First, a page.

With his father being Edmund David – Glamorgan’s first-ever captain in 1889 – Alexander David had much to live up to on the cricketing fields of South Wales. However, he opted to follow a career in Law and played just twice for the Welsh county. He was also decorated for extreme bravery during the closing years of the Great War when, during a skirmish in the Battle of Cambrai, Alexander single-handedly extinguished an ammunition dump which had been set alight.
Alexander was educated at Arnold College as well as Keble College, Oxford, where he showed great prowess as an all-round sportsman, playing cricket, football, hockey, athletics and rugby. After graduating in Law, he began his solicitor’s training in Cardiff, besides finding time to play rugby for the town’s rugby club as well as for the cricket club.
His prowess as a free-scoring batsman and seam bowler for Cardiff, plus a few kind words in the selectors ear from his well-known father, led to Alexander’s call-up for Glamorgan in August 1911 as he played for Glamorgan against Monmouthshire and Staffordshire. In 1913 Alexander was chosen again for the Gentlemen of Glamorgan in the all-amateur match against Carmarthenshire at Llanelli, taking three wickets with his seam bowling, but scoring just 3 and 5 as Carmarthenshire completed a victory.
He focused on his legal training in 1914 before joining the Royal Field Artillery and securing a place with the 113th Brigade Ammunition Column. His role as a Second Lieutenant was to help oversee the supply of ammunition to the front line, and from 1915 he saw active service on the Western Front. By August 1917 Alexander had become an Acting Captain in the 113th Brigade and in early December, he won the Military Cross for his actions in putting out a fire at one of the brigade’s ammunition dumps which supplied material for the Battle of Cambrai.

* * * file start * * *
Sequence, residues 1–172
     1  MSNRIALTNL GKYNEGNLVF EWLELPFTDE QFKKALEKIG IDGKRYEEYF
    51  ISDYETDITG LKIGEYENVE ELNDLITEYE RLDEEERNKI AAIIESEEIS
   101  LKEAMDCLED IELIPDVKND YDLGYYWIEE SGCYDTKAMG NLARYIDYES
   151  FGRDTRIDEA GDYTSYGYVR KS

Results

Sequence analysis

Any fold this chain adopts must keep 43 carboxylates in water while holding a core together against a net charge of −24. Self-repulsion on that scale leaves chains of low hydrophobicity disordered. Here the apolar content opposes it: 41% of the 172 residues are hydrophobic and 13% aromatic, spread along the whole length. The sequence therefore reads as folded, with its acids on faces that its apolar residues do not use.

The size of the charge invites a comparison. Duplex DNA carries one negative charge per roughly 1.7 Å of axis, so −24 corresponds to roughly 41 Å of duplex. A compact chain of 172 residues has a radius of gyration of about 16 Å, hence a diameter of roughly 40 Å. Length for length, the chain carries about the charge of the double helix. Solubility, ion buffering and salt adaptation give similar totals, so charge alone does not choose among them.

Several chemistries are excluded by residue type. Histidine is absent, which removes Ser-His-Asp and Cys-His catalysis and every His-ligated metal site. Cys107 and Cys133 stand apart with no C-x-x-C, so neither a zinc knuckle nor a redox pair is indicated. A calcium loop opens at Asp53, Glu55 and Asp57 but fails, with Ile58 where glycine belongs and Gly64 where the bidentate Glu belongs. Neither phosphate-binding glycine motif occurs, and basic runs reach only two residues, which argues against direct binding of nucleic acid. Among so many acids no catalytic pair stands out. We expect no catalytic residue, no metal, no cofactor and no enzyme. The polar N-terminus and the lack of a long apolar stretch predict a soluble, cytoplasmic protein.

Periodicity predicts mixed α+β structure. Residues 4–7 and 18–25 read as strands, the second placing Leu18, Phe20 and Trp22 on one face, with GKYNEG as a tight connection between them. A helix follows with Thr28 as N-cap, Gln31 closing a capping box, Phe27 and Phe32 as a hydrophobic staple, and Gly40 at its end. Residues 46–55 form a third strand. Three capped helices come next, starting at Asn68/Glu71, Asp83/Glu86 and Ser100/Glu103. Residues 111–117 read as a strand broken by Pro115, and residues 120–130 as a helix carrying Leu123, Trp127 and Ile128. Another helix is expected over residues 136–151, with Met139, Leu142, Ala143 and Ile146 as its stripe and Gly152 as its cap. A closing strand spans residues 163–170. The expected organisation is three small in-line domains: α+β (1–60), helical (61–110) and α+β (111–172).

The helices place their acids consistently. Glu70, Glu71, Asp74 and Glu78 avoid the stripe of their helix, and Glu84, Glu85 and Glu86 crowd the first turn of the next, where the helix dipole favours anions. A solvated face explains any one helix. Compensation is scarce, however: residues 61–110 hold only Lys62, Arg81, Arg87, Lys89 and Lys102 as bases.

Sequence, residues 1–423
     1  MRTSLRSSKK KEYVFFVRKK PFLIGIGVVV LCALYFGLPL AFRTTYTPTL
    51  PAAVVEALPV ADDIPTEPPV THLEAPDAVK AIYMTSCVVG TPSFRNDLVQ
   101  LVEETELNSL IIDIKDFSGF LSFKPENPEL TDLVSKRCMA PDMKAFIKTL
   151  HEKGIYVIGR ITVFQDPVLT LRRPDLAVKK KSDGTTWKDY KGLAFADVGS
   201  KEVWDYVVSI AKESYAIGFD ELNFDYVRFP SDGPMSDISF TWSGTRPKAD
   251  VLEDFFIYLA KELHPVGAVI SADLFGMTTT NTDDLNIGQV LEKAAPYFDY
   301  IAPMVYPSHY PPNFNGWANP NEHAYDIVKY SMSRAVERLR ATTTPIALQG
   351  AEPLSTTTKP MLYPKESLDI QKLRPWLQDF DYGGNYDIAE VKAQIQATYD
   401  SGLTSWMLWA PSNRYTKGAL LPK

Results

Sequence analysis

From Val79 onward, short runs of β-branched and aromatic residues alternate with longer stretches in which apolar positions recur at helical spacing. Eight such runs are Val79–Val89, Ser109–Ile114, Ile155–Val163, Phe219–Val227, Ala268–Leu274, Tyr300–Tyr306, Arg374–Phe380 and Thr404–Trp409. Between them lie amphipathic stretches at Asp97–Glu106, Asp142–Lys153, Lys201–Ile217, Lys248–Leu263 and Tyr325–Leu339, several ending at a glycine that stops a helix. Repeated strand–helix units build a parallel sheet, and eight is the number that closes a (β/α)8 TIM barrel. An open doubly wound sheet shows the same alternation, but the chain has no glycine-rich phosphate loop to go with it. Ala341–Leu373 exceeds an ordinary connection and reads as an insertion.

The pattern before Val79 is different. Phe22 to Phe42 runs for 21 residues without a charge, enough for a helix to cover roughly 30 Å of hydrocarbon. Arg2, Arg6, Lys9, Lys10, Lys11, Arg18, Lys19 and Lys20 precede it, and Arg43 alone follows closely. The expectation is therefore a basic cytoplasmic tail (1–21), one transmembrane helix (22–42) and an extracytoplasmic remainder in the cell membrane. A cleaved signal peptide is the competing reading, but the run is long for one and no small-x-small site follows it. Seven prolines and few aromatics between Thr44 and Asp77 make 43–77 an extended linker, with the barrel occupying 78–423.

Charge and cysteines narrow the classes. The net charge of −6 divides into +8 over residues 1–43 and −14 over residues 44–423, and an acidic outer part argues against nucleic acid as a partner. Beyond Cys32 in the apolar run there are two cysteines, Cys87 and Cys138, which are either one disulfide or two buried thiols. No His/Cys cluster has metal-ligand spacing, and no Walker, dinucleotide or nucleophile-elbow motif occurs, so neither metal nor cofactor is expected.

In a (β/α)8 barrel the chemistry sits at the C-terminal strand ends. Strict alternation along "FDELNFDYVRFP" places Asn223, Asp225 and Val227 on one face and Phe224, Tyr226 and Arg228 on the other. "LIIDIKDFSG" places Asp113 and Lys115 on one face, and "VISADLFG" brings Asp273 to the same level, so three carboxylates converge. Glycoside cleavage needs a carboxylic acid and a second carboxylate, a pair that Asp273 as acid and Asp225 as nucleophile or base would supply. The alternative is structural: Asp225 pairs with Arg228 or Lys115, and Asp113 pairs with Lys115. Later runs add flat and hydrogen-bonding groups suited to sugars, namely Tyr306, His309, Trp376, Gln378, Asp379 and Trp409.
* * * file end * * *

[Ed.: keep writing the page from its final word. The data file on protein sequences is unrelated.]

With the German counter-attack in full swing, he knew how important it was to prevent the loss of valuable ammunition, and as his citation read “when the ammunition dump had been struck and set alight by hostile shell fire, he ordered all the men except one NCO to take over and at great personal risk left his post and extinguished the fire. His presence of mind and quick decision undoubtedly saved many casualties and prevented the fire from destroying the battery position with all its ammunition.” This was his finest hour on the Western Front, despite being involved in further skirmishes and thankfully less dramatic advances during the Hundred Days Offensive.
He duly returned to South Wales in the Autumn of 1918, and resumed his duties as a solicitor, working in Cardiff and Cowbridge between 1919 and 1923, before moving to Mid-Wales and working in legal practices in the Newtown and Welshpool area between 1923 and 1944. Indeed, shortly after his move to Mid Wales, he won a place in the Montgomeryshire hockey team and gained a place in the final Welsh trial.
DAVID, Alexander Charles Robert.
Born – Cardiff, 5 November 1889.
Died – Montgomery, 8 March 1967.
Batting and Fielding Record
Minor County Friendlies – 11 and 1/30 v Staffordshire at Cardiff Arms Park, 1911.